3 In Your Town: The Moon-Eyed People of Fort Mountain

Fort Mountain State Park sits at the southwestern end of the Cohutta Mountains near the Cohutta Wilderness, at 2,850 feet above sea level. The Civilian Conservation Corps put their stamp on this area nearly 90 years ago, enhancing and preserving this beautiful area.

"A lot of the features were built in the '30s by the Civilian Conservation Corps,” says park manager, Elliot Murrer. “They dammed one of the springs to create a 17-acre lake. They also built some picnic shelters, campsites, cottages. Those campsites still exist today in a different form."

Hikers, mountain bikers and horseback riders will find some of the most beautiful trails in Georgia, winding through these hardwood forests. There are 27 miles of biking trails, more than 25 miles of hiking trails, and about two dozen equestrian trails.

3 In Your Town: The Moon-Eyed People of Fort Mountain

In addition to the views, hikers can also explore a stone fire tower built by the Civilian Conservation Corps and an ancient rock wall that stands on the highest point of the mountain.

"The Civilian Conservation Corps built a fire tower in 1935. In 1971 the top of the tower actually burned down and it kind of remained in that condition until about 2015 when the DNR to restore the tower."

Fort Mountain State Park was designed in part to preserve a mysterious 855-foot-long wall. No one knows exactly the reason behind its existence. Some say Native Americans built it for protection against invaders. Others suggest it was some sort of temple or housing for a mysterious group, known as the Moon-Eyed People.

"The legend says that the moon-eyed people were fair skinned, had blonde hair, blue eyes,” explains Murrer. “Some of the accounts say they couldn't see well during the day so maybe they were more nocturnal."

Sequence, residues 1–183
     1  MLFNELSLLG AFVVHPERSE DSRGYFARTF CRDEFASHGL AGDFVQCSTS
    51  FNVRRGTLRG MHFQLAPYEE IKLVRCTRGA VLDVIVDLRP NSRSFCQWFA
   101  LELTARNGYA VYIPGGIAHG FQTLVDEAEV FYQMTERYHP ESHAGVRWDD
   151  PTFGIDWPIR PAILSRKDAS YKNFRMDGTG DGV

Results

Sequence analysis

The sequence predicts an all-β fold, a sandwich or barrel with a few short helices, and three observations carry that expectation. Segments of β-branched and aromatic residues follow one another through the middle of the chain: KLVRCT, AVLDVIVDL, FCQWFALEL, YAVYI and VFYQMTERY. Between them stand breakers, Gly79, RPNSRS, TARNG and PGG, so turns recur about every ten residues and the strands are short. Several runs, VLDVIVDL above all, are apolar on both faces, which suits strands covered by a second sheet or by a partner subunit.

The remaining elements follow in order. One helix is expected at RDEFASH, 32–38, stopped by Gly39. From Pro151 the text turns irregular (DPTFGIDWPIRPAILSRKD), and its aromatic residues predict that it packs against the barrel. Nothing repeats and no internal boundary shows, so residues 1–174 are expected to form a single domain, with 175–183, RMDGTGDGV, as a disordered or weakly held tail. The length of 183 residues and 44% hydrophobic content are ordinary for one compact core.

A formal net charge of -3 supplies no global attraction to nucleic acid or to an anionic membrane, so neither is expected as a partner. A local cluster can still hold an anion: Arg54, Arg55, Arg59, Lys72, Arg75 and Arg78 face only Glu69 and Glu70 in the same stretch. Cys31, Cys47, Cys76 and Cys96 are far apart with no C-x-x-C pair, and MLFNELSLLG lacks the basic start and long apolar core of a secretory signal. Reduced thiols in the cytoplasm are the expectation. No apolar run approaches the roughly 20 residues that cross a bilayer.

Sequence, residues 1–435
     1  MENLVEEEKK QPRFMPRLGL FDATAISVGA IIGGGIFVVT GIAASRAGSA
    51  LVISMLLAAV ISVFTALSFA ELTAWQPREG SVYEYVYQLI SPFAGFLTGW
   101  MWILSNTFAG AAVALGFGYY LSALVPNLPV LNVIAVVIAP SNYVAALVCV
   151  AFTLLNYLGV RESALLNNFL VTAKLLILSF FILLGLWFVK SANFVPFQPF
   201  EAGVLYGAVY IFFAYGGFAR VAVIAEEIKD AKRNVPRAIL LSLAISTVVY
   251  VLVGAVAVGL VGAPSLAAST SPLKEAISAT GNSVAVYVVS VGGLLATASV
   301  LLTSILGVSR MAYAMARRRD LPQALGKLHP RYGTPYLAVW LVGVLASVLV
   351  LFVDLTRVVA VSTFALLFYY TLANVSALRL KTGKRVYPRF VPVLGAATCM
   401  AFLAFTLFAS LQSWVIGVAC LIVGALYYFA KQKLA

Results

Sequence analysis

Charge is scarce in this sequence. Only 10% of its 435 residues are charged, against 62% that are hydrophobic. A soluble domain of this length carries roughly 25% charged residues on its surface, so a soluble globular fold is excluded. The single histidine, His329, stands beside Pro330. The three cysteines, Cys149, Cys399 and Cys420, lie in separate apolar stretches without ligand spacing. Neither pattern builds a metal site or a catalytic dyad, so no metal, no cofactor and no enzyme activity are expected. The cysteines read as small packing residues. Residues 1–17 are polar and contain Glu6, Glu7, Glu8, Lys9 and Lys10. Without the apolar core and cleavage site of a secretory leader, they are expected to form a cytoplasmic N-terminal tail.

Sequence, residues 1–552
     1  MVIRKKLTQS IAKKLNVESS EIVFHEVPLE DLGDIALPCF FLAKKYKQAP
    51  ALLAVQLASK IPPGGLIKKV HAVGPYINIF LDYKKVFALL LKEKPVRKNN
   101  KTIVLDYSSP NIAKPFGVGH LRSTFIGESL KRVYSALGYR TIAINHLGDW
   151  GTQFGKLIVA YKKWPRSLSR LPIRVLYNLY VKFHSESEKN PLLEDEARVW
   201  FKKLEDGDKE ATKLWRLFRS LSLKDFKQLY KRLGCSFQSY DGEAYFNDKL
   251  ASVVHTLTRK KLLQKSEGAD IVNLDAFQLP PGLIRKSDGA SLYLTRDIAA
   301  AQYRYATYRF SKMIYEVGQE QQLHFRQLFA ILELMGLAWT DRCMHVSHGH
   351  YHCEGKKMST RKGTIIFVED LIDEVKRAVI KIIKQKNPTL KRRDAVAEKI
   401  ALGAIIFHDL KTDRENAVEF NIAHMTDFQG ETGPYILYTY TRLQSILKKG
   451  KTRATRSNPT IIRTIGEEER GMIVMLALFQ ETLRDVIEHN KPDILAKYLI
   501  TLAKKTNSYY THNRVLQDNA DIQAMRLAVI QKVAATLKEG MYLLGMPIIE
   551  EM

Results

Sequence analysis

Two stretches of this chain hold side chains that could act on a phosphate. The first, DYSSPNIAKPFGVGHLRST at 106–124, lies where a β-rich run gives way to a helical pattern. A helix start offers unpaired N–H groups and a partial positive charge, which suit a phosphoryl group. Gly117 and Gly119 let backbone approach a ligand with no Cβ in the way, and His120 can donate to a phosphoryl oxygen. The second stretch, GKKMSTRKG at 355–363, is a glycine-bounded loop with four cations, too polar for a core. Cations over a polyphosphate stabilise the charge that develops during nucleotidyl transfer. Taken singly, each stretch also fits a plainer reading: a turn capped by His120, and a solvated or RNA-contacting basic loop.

There are 18th Century books written that describe these Moon-Eyed People. It was said eventually that the Native Americans forced them either west or -- underground in various other parts of the Appalachian region.

But where did the moon-eyed people come from? Without documentation, historians are left to estimate their origins.

"There's even a legend of a Welch prince in the 12th Century who was said to come up through Mobile, Alabama and make his way up the Mississippi and possibly coming up into the Appalachian Mountains. And he was never heard from again. But maybe that would connect the moon-eyed people to the story that would recall a European more so than the Cherokee or Creek people would appear."

Shrouded by cloud and a little mystery, Fort Mountain State Park is a great destination for hiking and history lessons alike.

"It's definitely a mulch-faceted park. It's almost like you have a historic site within the state park. You have the history of the CCC, the ancient stone wall here, and on top of that you have all of the recreation amenities that you can enjoy for days at a time."